Thus, too, from Carmel's luxuriant tnp the Prophet saw in the far distant verge of the western sky a little cloud, not larger than the human hand—a "bull's eye" looking from the deep, raising itself from the chambers of e setting, sun; and as it rose it spread its lowering hos

he heavens, till, shrouding the skies in the

sable garments of night, it began to pour its river torrents on the lands of Israel, already parched with more than a three-years' drought; till, as in Egypt, when the Nile retires, the land of the chosen tribes is verdant and full of promise of an abundant harvest.

And thus, too, sprang up the ancient Empires of the world. There was a Nimrod, or some other mighty hunter, a little chief, great in his little clan, around whom the spirit of adventure or some impending danger gathered the neighboring hordes. Allured by some great interest, or impelled by some strong fear, in "one league offensive and defensive joined,” they set out on greai enterprizes; and as success inspired their courage and rewarded their toils, less and less respectful of human rights and wrongs, they advanced from conquest to conquest, till in the lapse of a few centuries a colossal empire, consolidated in all its parts, bestrode the earth and became the wonder of the world. Thus arose the gigantic empires of Assyria, Medo-Persia, Greece, and Rome.

But to approach still nearer the ground which we occupy to-day, looking into things moral and ecclesiastic, we will readily discover the same principles at work, and observe the same laws controlling the progress of things religious and moral; sometimes, indeed, eso hibiting the same wonderful results attendant on the humblest beginnings.

Joseph was sold by his own brothers a slave into Egypt. For thirteen long years'a forlorn and wretched stranger, he seems to have known nothing but a series of misfortunes, which left him at length a prisoner in an Egyptian dungeon. But the time for his enlargement at length arrived, and from the dark cells of a dismal prison he suddenly rose to be governor of all the land of Egypt. famine in the land of Canaan compelled his brethren to visit the corn magazines which their brother, by his divine wisdom, had accumulated for their salva. tion. In its progress it brought old Jacob and his seventy descendants into the land of Ham. He found a comfortable home for his numerous household in the fertile plains of Goshen. There they continued 10 multiply and increase, till in two hundred and fifteen years they became an object of envy, jealousy, and dread to the reigning dynasty of this then great and mighty people. The Pharaohs forgot the kindness and fidelity of Joseph, and most cruelly oppressed and ridiculed his people. Despite of all this, they continued to increase uniil, from some seventy souls, in about two centuries Moses led out about three millions of people from the iron house of bondage to the borders of the long covenanted land of promise.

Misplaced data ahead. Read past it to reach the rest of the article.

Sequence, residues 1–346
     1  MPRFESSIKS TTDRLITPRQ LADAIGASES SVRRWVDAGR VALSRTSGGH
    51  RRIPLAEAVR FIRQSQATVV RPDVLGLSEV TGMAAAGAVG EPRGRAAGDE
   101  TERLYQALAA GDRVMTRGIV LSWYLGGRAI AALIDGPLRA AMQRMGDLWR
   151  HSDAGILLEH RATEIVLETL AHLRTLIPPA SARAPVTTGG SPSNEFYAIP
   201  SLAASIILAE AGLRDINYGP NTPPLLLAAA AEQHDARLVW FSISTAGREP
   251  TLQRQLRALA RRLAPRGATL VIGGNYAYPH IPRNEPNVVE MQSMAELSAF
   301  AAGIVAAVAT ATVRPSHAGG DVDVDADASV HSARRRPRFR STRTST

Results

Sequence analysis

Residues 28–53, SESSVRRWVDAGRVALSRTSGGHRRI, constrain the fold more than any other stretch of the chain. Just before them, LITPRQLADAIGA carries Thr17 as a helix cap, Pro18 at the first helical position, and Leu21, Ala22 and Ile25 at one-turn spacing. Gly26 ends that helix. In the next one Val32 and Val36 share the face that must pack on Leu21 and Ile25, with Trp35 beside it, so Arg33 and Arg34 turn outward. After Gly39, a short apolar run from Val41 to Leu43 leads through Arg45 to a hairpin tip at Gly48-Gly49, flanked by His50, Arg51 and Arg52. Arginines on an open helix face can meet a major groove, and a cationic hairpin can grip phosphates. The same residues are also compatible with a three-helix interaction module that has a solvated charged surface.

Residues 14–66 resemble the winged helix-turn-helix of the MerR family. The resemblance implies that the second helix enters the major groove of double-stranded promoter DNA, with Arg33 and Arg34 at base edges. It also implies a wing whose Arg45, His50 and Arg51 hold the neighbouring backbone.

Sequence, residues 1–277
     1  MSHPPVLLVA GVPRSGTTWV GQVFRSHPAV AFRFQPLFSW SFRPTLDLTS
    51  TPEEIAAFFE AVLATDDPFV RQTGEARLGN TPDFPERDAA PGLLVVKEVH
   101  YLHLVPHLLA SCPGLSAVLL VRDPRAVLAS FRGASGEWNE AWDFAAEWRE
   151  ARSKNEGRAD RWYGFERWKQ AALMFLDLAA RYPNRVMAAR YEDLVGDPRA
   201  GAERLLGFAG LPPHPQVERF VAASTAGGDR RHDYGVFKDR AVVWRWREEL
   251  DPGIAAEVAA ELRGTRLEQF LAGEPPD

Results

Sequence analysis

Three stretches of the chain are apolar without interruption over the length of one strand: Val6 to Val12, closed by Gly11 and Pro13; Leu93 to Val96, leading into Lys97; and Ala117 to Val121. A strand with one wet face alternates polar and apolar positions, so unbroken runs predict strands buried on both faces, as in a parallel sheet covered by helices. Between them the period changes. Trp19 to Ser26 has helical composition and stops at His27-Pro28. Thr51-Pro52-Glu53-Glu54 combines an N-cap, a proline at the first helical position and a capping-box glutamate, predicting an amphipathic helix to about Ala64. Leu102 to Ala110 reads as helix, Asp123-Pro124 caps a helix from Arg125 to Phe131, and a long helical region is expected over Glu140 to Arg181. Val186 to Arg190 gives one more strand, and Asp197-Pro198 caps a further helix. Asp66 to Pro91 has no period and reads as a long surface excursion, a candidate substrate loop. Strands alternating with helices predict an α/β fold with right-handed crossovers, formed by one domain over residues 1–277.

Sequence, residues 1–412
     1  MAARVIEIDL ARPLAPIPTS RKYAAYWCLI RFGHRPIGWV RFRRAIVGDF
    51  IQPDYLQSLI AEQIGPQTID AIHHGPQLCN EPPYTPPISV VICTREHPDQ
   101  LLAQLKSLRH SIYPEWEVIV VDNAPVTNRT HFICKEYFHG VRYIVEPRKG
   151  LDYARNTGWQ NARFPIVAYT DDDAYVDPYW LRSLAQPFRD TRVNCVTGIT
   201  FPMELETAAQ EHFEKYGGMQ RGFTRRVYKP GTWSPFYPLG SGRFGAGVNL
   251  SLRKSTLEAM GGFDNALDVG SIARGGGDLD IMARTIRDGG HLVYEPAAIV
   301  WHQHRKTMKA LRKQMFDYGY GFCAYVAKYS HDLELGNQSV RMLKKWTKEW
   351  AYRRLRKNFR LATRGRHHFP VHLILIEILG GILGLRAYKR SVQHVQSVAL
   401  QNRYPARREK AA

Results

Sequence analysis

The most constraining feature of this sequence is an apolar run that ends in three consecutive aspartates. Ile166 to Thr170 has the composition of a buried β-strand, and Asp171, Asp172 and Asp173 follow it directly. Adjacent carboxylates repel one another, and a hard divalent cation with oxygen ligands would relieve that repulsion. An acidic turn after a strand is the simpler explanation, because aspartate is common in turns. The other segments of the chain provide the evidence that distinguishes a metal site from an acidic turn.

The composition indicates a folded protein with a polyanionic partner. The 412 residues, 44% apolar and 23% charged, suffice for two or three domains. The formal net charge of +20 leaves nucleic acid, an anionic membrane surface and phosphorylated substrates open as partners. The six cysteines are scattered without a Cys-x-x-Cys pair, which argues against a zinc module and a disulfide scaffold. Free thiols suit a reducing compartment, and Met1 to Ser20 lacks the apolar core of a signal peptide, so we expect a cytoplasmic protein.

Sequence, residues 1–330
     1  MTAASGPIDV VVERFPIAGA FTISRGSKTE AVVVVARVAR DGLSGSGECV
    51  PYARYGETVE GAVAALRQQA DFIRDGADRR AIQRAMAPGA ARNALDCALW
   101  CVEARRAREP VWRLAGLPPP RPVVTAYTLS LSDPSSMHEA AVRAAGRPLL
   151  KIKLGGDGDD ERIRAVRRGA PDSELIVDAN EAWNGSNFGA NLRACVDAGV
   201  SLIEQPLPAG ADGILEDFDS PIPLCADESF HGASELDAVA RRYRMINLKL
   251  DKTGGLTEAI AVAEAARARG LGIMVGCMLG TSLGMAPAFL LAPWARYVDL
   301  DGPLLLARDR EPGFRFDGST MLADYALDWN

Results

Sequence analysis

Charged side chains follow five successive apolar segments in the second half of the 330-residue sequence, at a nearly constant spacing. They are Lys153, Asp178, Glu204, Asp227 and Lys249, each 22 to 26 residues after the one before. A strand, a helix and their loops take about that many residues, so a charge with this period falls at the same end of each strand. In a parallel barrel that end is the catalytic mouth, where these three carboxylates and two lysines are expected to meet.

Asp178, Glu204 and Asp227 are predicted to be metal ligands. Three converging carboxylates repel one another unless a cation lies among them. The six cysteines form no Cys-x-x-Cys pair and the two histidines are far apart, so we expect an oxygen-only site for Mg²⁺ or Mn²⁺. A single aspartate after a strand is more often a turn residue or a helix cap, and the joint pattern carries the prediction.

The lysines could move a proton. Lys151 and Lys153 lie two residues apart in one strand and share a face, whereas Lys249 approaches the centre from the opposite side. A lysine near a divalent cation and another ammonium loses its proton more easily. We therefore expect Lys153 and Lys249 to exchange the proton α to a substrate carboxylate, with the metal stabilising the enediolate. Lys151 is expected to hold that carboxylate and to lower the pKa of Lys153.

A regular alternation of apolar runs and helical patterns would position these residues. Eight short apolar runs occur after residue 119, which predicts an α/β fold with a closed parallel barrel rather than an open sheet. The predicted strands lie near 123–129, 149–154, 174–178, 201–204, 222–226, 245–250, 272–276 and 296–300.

And what shall we say of the beginning of the Christian institution itself? Nothing in human history compares with this. An obscure and humble virgin, a feeble branch of David's family, was betrothed to Joseph, a carpenter; himself, too, a descendant from the same stock, as humble and as weak as was his beloved Mary, the daughter of Eli.

After their espousals, by the operation of that Spirit that raised up Eve out of the side of Adam, the body of Jesus was made of the seed of David according to the flesh. The child is born in a stable in the city of Bethlehem, and enjoyed his first sleep in a rough and cheerless manger. His earthly kindred were all poor, feeble, and obscure. Feeble, too, were his beginnings: a few comparatively uneducated Galilean fishermen become his companions and only assistants in founding a kingdom on earth that was to endure as long as the sun, and to be diffused through all the kindreds of the earth. Thiriy full years of his short and eventful lite had already passed before he had selected a single stone for the foundation of that great superstructure of grace and glory of which he was to be the only efficient builder and maker,

After his iniroduction to Israel, and after many discourses and innumerable miracles, he had collected only a few scores of followers, amongst whom but twelve were made conspicuous.